Wolf** (Sweden)
Daniel Alfredson, Sweden
In the wide open spaces of Sweden on the border with Norway, a teenage boy Nejla and his uncle Klemens tend to their herd of reindeer. Not much money is left to be made with a reindeer herd but Klemens lives for the work and Nejla loves the animals and the life. Nejla’s parents try to get him to stay in school and emphasize that there is no longer a living to be made from the reindeer, but the reindeer are his passion and no one can stop him. Early one morning Nejla skips school to see the herd. He finds several slain and realizes a wolf has attacked them. Enraged, he calls Klemens, who instructs him to do nothing, but, instead,  tracks the wolf on his own. Catching the wolf climbing a rock face, Nejla bashes its head in and lets it drop into the rushing stream below. Killing wolves is criminal in Sweden and the rest of the film follows the cover up and subsequent trial of Klemens. This rare look into a dying way of life is interesting but slow with a rather predictable outcome and pointless death of a dog. (Mary Wienke)

Yolki Palki ***
Alexander Gentelev, Israel
In Russia, if you win the lottery you say,  “Yolki Palki.“ If something unpleasant happens you say it, too. Good and bad things have happened to the people in this documentary and lots of them have an opportunity to use this expression as they describe their lives. Director Alexander Gentelev decided to find his fellow passengers who flew together from Moscow to Israel’s Ben Gurian airport in order to begin a new life there. The flight took place n the early 1990s and almost twenty years later Mr. Gentelev discovers stories of unhappiness and difficulties but also of bravery and optimism.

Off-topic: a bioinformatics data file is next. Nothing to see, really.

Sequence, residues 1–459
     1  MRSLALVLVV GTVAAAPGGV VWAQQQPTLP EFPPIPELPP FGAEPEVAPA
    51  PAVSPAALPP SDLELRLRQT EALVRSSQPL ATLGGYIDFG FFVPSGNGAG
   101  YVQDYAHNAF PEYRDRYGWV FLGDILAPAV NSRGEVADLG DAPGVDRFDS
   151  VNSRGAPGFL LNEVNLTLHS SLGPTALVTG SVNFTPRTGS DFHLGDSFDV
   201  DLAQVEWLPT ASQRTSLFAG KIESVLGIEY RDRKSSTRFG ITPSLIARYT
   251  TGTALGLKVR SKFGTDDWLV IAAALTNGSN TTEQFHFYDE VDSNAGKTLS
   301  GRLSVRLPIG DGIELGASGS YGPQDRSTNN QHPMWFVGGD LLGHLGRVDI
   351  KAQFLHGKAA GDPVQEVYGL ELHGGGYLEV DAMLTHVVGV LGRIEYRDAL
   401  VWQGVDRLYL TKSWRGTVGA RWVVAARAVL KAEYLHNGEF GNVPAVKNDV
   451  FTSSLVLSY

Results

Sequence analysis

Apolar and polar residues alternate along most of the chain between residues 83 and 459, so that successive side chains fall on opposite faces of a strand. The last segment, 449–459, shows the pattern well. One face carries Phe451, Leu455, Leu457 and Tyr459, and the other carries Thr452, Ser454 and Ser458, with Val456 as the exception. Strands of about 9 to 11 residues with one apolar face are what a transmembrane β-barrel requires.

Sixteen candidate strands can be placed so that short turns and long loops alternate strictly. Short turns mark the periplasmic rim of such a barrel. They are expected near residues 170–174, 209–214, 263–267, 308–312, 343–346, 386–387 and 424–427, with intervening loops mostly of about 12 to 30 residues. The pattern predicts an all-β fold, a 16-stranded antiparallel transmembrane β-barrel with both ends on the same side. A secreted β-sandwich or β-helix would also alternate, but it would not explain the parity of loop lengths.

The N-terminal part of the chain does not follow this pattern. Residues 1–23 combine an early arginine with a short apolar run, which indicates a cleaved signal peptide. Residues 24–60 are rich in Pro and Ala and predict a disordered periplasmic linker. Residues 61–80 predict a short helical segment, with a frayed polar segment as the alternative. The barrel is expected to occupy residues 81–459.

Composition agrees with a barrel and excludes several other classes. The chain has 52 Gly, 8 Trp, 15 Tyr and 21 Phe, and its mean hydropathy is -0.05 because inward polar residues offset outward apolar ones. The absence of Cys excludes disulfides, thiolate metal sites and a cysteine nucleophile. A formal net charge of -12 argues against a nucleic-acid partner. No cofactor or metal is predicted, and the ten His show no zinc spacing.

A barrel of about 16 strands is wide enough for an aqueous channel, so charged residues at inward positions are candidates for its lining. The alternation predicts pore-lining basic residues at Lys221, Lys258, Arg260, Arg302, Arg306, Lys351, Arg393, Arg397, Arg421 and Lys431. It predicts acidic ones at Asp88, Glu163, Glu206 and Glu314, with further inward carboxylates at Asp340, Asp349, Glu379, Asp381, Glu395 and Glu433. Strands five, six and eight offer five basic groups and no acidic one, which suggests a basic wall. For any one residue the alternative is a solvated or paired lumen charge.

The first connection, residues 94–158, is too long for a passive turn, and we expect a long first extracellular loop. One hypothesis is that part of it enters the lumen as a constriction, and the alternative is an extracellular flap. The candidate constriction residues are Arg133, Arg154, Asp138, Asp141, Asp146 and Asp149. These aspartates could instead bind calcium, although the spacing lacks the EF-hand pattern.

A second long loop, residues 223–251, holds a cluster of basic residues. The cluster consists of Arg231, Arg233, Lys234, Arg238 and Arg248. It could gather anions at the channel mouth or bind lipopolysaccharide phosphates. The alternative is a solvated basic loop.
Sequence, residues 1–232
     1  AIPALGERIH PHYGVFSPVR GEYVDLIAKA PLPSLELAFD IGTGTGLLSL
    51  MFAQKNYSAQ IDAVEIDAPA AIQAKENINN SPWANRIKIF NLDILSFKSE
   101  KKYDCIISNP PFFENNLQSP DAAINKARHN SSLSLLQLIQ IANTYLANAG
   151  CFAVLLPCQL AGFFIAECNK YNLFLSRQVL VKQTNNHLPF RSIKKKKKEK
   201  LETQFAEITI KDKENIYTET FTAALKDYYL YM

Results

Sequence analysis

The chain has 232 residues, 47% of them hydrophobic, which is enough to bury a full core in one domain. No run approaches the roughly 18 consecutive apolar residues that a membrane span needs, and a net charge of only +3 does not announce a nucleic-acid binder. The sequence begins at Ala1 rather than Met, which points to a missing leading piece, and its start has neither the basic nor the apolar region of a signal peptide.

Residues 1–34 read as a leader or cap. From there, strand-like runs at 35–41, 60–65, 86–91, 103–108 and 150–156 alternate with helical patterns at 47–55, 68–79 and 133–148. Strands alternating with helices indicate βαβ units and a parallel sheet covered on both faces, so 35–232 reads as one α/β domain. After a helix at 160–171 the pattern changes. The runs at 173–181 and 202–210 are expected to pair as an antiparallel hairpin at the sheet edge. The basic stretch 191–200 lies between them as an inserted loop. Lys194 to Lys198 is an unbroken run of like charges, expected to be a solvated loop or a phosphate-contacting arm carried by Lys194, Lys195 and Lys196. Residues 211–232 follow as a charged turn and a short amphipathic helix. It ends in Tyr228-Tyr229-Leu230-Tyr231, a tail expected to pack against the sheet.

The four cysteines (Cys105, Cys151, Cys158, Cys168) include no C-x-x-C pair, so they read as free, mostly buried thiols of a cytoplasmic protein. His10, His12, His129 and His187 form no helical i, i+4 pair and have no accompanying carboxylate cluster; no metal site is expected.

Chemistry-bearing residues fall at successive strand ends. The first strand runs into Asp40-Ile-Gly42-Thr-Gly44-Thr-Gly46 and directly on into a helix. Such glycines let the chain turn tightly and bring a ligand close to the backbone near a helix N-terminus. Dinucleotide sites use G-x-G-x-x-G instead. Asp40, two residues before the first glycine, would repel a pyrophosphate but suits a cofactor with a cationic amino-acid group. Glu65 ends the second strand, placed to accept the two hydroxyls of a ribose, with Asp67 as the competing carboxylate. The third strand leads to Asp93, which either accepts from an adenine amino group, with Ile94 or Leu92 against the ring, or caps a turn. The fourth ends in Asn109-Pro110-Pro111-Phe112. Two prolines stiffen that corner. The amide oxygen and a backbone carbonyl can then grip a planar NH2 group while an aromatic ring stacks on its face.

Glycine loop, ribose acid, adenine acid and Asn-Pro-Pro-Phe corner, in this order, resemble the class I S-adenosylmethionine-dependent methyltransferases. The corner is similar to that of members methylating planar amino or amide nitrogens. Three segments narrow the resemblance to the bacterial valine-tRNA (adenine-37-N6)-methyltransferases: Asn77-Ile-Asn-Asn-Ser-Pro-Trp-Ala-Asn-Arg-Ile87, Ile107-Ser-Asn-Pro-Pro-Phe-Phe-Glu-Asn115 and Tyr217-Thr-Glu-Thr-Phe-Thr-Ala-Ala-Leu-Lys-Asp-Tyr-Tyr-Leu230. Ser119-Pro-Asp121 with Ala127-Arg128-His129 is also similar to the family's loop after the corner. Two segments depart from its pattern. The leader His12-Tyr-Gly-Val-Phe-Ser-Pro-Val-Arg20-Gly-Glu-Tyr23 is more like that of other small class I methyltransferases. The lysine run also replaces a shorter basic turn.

He introduces us to a number of interesting people such as the skilled engineer who is forced to milk cows on the kibbutz in order to make ends meet. His little boy was ashamed that his father had to do such menial work but he, in turn, is proud to be selected by the Israeli air force where he will train to be a pilot. The novelist, who is famous in Russia, is pleased to accept a job cleaning a bookshop until she becomes a successful writer in her adopted country. And the four-year-old prodigy who won a scholarship to study the violin, now divides his time between being a butcher in a supermarket and busking on the street.